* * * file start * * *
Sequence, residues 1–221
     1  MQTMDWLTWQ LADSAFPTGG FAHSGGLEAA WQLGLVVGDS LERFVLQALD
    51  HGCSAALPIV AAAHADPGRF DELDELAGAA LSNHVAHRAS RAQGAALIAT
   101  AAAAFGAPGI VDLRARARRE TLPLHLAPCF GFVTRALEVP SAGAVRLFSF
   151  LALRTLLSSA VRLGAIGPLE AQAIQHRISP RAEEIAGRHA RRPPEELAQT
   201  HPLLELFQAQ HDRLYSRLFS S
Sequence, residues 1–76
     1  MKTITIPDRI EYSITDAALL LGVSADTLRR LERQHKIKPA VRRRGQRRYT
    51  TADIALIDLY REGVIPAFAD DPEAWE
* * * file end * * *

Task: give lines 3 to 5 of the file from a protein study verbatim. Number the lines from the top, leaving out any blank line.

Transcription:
    51  HGCSAALPIV AAAHADPGRF DELDELAGAA LSNHVAHRAS RAQGAALIAT
   101  AAAAFGAPGI VDLRARARRE TLPLHLAPCF GFVTRALEVP SAGAVRLFSF
   151  LALRTLLSSA VRLGAIGPLE AQAIQHRISP RAEEIAGRHA RRPPEELAQT